Annuities, Deferred Annuities and Segregated Funds
Income from annuities, deferred annuities and segregated funds is treated as income in the month received and an asset thereafter unless otherwise exempt.
Some recipients may have purchased an annuity, deferred annuity or segregated fund from a life insurance company. Each has characteristics similar to a life insurance policy, including the remote possibility of the existence of a cash surrender value. Under the Insurance Act, annuities, deferred annuities and segregated funds purchased through a life insurance company are considered to be life insurance. The $10,000 exemption per member of the benefit unit for any twelve-month period for payments from a life insurance policy is available.
An annuity is a contract between the policy holder and a life insurance company in which the policy holder provides a sum of money to the insurance company which in turn invests the funds and agrees to pay the policy holder a fixed amount of money (usually monthly) over a specific term or a lifetime.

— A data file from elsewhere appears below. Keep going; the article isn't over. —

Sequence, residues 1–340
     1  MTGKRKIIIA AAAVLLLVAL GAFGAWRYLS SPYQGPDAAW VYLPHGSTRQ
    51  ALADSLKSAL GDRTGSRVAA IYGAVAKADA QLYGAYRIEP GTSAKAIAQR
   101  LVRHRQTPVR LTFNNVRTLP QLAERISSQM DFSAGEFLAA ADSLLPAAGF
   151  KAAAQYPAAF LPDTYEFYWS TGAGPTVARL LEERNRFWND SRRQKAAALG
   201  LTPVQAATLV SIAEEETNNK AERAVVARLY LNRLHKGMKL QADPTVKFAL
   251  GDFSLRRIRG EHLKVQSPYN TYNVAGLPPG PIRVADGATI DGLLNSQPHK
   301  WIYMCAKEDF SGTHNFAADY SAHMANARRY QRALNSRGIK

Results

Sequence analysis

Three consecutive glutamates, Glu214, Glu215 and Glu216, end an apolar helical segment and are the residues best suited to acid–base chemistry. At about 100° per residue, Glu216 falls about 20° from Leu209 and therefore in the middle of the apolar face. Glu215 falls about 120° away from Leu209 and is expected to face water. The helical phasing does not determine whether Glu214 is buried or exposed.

A deferred annuity provides guarantees on the death of the person whose life is insured and on maturity of the contract. It is a contract of life insurance in which there must be a person whose life is insured and a designated beneficiary who will receive payment following the death of that person.
Segregated funds (also known as individual variable annuity contracts or variable insurance contracts) are similar to mutual funds in that they can be invested in bonds, equities or T-Bills. However, they differ from mutual funds in three ways: a guarantee of principal (ranging from 75 to 100 percent) over a set period of time (usually ten years), the assignment of a beneficiary who will receive the guaranteed amount if the owner of the fund dies, and a degree of creditor protection from seizure in the event the owner of the fund is sued or declares bankruptcy.